Author Topic: Handle exceptions inside a critical section  (Read 197 times)

2B||!2B

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Handle exceptions inside a critical section
« on: December 02, 2019, 06:37:38 PM »
Is there an easy way to handle an exception when a lock is acquired?

For example, inside a critical section, there may be an exception generated. How to leave critical section in such case?

AW

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Re: Handle exceptions inside a critical section
« Reply #1 on: December 03, 2019, 03:13:20 AM »
AFAIK, there are no special ASM facilities to handle them any easier than a HLL.
And real ASM programmers don't care about exceptions - good ASM code never faults.  :cool:

2B||!2B

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Re: Handle exceptions inside a critical section
« Reply #2 on: December 03, 2019, 07:14:33 AM »
Good point AW. However, it is nice addition to have just in case because if such things happened, a deadlock is very likely to happen.
I have seen a concept called RAII in OOP languages where the object constructor encapsulates EnterCriticalSection and the destructor calls LeaveCriticalSection. Stack unwind does it all in case an exception is generated.

Code: [Select]
struct CSHolder {
    explicit CSHolder(CRITICAL_SECTION& cs): lock(cs) {
        ::EnterCriticalSection(&lock);
    }
    ~CSHolder() { ::LeaveCriticalSection(&lock); }
    CRITICAL_SECTION& lock;
};


CRITICAL_SECTION gLock;
void foo() {
    CSHolder lockIt(gLock);
    // lock is held until lockIt is destroyed
}

It could also be done in assembly with masmbasic try/catch macro i think.

caballero

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Re: Handle exceptions inside a critical section
« Reply #3 on: December 03, 2019, 07:47:37 PM »
There's no magic in error handlings, it is just predictive codes.
The logic of the error is hidden among the most unexpected lines of the program

hutch--

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Re: Handle exceptions inside a critical section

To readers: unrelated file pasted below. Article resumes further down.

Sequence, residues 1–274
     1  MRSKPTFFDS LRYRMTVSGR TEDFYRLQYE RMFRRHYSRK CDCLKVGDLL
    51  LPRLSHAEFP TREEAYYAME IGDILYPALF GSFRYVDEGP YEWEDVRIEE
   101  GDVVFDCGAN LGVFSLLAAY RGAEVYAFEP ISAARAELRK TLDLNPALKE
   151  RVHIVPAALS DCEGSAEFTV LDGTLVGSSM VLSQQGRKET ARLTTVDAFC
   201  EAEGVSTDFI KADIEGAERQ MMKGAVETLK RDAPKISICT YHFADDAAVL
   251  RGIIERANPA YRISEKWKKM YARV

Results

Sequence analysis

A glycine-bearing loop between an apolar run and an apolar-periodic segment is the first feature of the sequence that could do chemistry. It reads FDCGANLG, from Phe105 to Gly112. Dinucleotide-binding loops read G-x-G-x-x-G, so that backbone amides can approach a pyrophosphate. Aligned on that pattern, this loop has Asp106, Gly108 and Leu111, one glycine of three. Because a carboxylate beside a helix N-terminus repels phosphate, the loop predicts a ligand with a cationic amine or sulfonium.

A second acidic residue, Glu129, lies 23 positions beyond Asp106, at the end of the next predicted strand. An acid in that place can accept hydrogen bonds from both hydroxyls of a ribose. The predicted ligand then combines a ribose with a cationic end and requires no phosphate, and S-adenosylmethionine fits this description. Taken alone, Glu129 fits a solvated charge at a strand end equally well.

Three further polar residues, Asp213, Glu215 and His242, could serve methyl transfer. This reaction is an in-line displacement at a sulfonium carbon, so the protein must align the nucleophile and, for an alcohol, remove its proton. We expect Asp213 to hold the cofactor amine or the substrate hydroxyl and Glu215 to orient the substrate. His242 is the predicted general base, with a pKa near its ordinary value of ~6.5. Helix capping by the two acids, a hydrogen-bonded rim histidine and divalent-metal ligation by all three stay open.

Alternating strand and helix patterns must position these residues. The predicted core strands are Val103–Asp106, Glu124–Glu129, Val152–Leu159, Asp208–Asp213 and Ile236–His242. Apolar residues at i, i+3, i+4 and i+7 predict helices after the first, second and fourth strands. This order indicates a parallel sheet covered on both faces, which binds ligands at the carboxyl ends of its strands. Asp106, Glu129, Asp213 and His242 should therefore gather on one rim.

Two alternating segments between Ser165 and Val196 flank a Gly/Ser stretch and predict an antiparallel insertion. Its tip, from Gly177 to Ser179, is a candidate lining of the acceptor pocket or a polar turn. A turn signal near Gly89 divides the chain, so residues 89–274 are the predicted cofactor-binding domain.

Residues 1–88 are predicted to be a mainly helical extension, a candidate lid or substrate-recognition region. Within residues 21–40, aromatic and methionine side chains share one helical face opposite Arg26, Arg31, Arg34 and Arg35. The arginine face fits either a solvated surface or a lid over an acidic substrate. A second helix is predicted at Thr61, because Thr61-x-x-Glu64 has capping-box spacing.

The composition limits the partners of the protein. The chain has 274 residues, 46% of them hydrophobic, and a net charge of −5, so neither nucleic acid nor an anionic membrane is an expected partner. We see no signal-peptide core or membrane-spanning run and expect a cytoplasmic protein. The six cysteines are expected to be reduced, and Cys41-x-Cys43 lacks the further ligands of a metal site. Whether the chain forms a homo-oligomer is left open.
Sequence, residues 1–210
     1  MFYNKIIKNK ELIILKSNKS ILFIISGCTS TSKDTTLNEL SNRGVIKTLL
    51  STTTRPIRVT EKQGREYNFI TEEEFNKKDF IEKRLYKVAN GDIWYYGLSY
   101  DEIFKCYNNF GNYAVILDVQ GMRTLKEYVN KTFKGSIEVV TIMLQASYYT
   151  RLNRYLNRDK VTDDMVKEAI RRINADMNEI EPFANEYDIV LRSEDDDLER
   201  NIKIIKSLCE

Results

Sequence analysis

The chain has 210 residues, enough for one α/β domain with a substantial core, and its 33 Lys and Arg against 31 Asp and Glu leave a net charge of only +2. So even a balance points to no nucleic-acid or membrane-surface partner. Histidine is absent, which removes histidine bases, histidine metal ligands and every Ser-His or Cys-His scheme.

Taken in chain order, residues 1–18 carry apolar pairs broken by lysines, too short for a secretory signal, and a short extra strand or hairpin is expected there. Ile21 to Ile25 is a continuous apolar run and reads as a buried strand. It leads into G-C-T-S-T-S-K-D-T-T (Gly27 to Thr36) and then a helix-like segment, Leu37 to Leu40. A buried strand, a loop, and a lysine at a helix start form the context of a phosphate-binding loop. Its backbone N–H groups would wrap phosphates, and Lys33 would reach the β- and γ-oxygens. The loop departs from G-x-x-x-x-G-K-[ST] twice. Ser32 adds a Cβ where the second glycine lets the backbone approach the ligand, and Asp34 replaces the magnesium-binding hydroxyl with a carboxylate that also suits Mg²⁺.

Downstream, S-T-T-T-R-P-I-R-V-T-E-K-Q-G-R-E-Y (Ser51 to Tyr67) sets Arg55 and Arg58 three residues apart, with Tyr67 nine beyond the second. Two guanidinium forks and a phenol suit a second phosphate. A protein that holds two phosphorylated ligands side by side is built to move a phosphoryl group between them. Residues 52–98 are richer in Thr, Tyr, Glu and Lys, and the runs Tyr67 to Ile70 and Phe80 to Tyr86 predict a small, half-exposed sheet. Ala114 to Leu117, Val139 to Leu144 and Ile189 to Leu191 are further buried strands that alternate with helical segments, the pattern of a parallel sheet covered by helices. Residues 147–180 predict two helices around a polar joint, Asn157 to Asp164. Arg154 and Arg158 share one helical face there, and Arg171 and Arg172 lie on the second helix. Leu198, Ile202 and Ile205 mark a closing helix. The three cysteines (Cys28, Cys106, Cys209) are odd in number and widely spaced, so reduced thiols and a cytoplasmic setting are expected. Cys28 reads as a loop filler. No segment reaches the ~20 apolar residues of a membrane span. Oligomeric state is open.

« Reply #4 on: December 04, 2019, 08:59:16 AM »
AW is correct here, the most reliable code is code with NO ERRORS. The only place where error handling is truly needed is in dealing with external hardware factors that cannot be predicted. Write error free code and you save yourself a pile of crap overhead, trying to emulate the blunders of high level code is a waste of life and time, its main purpose is to protect people who do not have the skills to write error free code while learning.

In terms of debugging code with errors, something that crashes immediately can be directly debugged without having to untangle a mountain of crap to get there.
hutch at movsd dot com
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jj2007

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Just-in-time debugging
« Reply #5 on: December 04, 2019, 02:48:33 PM »
In terms of debugging code with errors, something that crashes immediately can be directly debugged

More precisely, you can catch crashes by using just-in-time debugging. With Olly 2, for example, you can set it in Options/Options/Debugging/Just-in-time. If your code throws an exception, either unintentional or by hitting an INT 3, a box pops up and you can choose between closing or debugging the program.

mikeburr

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Re: Handle exceptions inside a critical section
« Reply #6 on: December 12, 2019, 05:54:42 AM »
if youre using files then a much safer method of handling files is by putting a Soft Lock on the data. Basically what i mean is to put a data element in the record ... read the record and if the lock [byte] is not set then get the record set it and replace it . Any other potential user then knows the record is in use for update though reading of the current dta might..[????] be ok .[This is difficult in a multi threading environment btw .]. the same principle can be applied with elements of memory etc .. The real problem then is dealing with 'deadly embrace' however if you include a notion of the user of the locked record as well on the data item [eg a short user code] then you have the potential to notify them that you need their record etc etc The reason for this is that in a commercial environment things like users go to lunch leaving their work and stuff locked up , probably the most common thing other than say a file down for backup/overhaul [eg reindexing]  ..Im not sure if this is of any help to your problem but you are effectively managing the problem yourself rather than the operating system generalised API's ... as for multi threading instructions like XCHG will lock the bus and can be used to halt processes but this is very crude and fraught with danger when compared to the sophistication of the OS .. unux is far better in this respect
regards mike b